In image processing in general, a well-known procedure for image enhancement is to enhance the luminance channel only while keeping the chrominance channel unchanged (Gonzalez and Woods 2002). Due to psycho-visual redundancy, human eyes are more sensitive to the enhancement of brightness than color. There are a several well-known methods available for enhancing the grayscale image, which can be broadly divided into two categories. Techniques such as contrast stretching (CS) (Wang and Bovik 2002), high boost filtering (HBF) (Srivastava et al. 2009) and unsharp masking (UM) (Polesel et al. 2000) work on the local gradient of the image. On the other hand, techniques such as histogram equalization (HE), contrast limited adaptive histogram equalization (CLAHE) (Zuiderveld 1994) and brightness preserving dynamic fuzzy histogram (BPDFHE) (Sheet et al. 2010) work on the global gradient of the image. The global gradient methods are effective for the low contrast images that contain a single object or no apparent contrast change between object and background (Cheng and Shi 2004).
On the other hand, the psycho-visual redundancy can be utilized to reduce the power consumption in endoscopy. This phenomenon is often utilized in image compression by sending only the grayscale image or the brightness channel. The grayscale image is later colorized using a similar tone theme images, which results in a significant save of power, memory, and bandwidth (Khan et al. 2015). There are several color reproduction algorithms available in the literature. In (Welsh et al. 2002), color information is retrieved from a target swatch. Each pixel in the grayscale image is matched with the pixel in the target swatch based on Euclidean distance metrics. The color is then copied from the matched pixel in the target swatch. This algorithm suffers from high computational complexities and processing time. In another work (Horiuchi and Hirano 2003), the authors have used a set of seed points and their respective color vectors in the RGB format with a YUV-based classification. In (Levin et al. 2004), a quadratic objective function based optimization method is used to interpolate the U and V components of the YUV color space over the entire image using a set of color scribble lines. In (Korostyshevskiy 2006), pseudo colors are employed to colorize the grayscale image using different 64 × 3 color matrices. It does not reproduce a visually appealing color on the entire image and introduces blurriness on the high contrast edges. None of those mentioned above methods has ever been applied to endoscopic imaging. In a recent work by our group, a color enhancement scheme is presented that is dedicated to enhance endoscopic images (Imtiaz et al. 2013 and Imtiaz and Khan 2014). Although this color enhancement scheme is very promising in terms of the color enhancement factor (CEF), it suffers from high algorithm complexities.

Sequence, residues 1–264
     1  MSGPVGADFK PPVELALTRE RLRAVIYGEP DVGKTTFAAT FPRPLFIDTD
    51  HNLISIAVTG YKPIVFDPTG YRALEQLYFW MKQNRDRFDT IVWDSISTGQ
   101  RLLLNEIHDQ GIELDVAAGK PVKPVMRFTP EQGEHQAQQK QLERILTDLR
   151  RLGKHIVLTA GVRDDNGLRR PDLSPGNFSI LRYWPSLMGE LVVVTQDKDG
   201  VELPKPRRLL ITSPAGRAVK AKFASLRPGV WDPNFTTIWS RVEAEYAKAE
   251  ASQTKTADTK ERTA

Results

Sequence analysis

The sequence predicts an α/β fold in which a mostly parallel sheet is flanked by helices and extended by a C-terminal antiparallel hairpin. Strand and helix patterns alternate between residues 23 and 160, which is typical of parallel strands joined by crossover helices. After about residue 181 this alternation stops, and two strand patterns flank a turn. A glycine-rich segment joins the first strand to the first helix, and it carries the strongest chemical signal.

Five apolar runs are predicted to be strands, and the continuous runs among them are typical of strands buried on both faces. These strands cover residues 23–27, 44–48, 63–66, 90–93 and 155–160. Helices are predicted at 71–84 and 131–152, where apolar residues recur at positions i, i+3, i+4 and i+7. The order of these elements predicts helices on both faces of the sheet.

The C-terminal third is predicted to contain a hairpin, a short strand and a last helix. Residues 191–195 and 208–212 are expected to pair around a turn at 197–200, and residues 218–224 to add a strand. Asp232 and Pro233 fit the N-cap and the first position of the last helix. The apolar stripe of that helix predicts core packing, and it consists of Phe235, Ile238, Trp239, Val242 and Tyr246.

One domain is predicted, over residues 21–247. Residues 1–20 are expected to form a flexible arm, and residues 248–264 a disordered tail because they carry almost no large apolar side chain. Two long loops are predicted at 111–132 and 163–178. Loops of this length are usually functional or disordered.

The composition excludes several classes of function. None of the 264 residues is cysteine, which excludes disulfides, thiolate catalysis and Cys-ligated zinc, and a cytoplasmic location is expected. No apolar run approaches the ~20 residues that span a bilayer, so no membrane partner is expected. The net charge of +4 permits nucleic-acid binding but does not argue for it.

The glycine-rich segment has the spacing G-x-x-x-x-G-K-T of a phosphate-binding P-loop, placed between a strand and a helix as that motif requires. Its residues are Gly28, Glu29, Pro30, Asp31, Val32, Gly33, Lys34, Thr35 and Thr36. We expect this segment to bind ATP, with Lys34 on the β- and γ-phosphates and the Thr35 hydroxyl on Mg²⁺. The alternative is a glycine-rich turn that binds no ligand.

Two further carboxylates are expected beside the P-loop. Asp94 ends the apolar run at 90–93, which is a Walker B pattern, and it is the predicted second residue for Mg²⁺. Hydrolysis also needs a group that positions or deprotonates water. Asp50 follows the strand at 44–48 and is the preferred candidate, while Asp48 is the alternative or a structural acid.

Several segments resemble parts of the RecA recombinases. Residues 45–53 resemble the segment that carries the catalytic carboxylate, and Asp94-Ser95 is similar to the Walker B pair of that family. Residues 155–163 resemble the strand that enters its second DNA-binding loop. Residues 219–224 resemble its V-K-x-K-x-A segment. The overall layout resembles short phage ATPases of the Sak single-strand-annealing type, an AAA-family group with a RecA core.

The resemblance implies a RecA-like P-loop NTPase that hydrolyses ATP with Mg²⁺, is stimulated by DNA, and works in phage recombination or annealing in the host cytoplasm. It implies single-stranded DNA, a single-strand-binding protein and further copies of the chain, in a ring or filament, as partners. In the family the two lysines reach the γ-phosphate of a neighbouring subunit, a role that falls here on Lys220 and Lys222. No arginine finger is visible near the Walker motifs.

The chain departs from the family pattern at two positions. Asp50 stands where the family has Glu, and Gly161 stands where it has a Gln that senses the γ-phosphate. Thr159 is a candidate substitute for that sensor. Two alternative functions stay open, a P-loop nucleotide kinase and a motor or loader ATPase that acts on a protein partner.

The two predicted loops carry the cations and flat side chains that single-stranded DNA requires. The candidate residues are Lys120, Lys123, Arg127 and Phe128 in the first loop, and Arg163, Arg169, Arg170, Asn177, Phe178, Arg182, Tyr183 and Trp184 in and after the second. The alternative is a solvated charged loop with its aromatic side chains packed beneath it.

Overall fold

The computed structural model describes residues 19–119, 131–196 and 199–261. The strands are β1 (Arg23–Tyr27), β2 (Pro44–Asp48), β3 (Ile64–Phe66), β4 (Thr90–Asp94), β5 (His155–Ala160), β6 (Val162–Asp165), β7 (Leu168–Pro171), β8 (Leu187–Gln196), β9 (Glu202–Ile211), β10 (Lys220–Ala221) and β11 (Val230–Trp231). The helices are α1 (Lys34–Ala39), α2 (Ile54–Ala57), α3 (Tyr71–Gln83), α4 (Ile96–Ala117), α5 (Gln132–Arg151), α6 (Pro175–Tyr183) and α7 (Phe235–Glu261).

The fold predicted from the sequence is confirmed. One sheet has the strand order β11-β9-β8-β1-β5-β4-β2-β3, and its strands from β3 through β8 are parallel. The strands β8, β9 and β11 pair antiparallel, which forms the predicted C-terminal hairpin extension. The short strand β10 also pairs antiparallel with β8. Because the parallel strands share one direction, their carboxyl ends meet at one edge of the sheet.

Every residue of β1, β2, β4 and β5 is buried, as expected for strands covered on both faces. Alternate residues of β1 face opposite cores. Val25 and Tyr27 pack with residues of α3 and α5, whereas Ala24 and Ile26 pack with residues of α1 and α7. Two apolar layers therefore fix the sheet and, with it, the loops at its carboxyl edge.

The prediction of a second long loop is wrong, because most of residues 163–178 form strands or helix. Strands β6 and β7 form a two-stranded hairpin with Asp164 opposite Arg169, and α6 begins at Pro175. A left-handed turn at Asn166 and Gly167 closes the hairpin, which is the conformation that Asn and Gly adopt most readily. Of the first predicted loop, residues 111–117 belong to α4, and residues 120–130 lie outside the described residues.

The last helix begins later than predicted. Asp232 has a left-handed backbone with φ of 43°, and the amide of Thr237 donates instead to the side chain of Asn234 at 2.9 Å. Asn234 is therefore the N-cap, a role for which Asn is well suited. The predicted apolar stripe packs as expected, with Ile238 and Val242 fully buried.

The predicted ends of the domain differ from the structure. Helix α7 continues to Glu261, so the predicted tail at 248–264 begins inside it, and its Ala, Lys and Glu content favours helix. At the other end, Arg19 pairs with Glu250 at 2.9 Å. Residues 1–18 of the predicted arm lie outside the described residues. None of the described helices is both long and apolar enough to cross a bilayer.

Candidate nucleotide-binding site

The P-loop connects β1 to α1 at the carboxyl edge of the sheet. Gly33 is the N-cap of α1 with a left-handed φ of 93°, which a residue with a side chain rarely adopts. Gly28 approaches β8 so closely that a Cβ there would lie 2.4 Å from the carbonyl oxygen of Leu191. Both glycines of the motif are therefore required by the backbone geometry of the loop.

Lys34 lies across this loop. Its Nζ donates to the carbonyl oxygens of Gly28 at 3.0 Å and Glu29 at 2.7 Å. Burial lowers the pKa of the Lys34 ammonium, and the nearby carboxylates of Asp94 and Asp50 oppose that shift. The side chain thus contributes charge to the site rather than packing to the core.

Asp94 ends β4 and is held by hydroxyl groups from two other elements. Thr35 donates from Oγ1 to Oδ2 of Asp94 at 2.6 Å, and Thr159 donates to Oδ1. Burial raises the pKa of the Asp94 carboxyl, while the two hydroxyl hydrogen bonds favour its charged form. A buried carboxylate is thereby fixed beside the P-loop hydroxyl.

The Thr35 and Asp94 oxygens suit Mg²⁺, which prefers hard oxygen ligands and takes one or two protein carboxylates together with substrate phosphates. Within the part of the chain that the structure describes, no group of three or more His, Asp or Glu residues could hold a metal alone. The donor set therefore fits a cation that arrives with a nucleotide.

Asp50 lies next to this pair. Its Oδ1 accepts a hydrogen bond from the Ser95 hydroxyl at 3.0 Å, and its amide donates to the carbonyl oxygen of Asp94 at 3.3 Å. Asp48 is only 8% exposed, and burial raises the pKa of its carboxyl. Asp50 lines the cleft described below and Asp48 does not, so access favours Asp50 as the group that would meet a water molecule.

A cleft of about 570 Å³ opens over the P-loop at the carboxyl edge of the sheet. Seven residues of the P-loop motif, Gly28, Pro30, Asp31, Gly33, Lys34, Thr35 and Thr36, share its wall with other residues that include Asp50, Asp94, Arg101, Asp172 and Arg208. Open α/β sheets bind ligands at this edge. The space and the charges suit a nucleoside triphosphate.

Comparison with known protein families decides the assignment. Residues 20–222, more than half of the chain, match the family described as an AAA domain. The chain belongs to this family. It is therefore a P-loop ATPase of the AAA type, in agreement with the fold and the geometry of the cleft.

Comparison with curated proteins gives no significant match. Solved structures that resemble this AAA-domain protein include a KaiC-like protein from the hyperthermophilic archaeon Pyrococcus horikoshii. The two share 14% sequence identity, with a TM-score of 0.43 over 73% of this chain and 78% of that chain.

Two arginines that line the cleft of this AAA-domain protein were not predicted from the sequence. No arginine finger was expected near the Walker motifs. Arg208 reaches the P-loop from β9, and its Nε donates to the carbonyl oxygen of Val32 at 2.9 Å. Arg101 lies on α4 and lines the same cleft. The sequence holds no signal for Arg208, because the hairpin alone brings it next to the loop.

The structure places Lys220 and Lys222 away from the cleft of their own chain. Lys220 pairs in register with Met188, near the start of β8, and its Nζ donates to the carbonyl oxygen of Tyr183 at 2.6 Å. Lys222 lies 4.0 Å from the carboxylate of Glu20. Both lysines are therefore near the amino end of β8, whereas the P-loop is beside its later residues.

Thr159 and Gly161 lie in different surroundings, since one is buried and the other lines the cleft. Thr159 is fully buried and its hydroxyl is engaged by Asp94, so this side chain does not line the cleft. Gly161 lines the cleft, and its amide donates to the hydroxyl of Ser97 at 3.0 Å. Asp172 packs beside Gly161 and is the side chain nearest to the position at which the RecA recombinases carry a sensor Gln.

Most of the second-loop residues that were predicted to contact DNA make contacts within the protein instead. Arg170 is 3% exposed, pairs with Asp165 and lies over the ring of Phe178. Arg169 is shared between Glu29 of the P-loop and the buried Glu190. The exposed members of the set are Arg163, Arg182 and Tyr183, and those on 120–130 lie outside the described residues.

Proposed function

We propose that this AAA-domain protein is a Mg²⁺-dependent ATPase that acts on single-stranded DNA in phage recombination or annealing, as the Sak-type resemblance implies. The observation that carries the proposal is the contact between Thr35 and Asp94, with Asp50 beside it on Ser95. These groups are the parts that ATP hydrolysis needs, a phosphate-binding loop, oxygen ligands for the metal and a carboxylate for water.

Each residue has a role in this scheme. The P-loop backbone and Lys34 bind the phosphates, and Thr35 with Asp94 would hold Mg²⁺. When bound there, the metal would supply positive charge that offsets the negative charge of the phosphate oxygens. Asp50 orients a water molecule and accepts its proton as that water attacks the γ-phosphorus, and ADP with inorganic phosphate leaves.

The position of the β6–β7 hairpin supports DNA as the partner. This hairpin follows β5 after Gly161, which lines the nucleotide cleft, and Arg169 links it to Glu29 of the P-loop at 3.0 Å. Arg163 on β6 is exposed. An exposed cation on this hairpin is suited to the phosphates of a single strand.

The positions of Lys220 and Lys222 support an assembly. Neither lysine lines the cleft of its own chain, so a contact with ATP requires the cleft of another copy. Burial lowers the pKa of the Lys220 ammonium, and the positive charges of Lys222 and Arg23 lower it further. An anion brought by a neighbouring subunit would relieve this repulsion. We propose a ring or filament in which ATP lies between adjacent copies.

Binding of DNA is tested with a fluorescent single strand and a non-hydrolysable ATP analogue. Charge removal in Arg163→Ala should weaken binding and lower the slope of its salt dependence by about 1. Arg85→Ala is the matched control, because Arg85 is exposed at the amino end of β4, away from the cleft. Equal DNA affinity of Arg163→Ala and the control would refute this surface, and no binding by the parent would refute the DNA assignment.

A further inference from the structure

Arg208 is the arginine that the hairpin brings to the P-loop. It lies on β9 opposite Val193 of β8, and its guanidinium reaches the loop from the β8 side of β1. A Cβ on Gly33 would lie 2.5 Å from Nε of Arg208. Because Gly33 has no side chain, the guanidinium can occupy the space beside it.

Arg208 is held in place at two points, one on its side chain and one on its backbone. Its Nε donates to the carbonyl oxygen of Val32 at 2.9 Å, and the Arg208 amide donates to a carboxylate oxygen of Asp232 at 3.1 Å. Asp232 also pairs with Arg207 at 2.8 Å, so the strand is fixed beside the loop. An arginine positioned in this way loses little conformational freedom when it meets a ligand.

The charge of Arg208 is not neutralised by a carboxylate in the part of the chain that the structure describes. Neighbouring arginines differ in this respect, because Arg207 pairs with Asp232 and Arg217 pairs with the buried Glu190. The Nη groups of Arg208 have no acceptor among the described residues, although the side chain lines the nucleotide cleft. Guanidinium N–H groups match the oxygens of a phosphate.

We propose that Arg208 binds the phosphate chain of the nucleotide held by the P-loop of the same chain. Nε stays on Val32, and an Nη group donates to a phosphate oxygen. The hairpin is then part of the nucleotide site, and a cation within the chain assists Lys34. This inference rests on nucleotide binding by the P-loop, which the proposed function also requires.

In this paper, we propose a dictionary based color reproduction method with low complexities, high color similarity and high CEF. This method enhances the visual quality of GI images. We have also shown three possible scenarios in endoscopy where the proposed method is applicable. The performance of the proposed method is assessed on a relatively diverse dataset based on the reduction of image degradation, structural similarity, and CEF.
Endoscopic images have the intrinsic characteristics of low contrast and inhomogeneous brightness, which stems from the random steering motion of the camera and bending and waving nature of the gastric organs (Vogt et al. 2003). The goal in enhancement stage is to increase the contrast and reduce the inhomogeneous brightness.
Here R, G, and B represent the intensity of red, green and blue channel of the RGB color image respectively using Eq. (1), which uses division by a power of two, so it can be very easily implemented using a shift register. This type of implementation results in a simpler hardware implementation than other conversion methods.
This shifting produces a darkening effect that improves the visibility of mucosa layer. All processed images have a dominance of low-intensity pixel compare to the white lighting image (WLI).
From the experiment it has been found the values of sharpening factor in the range 2–8 provide the best result.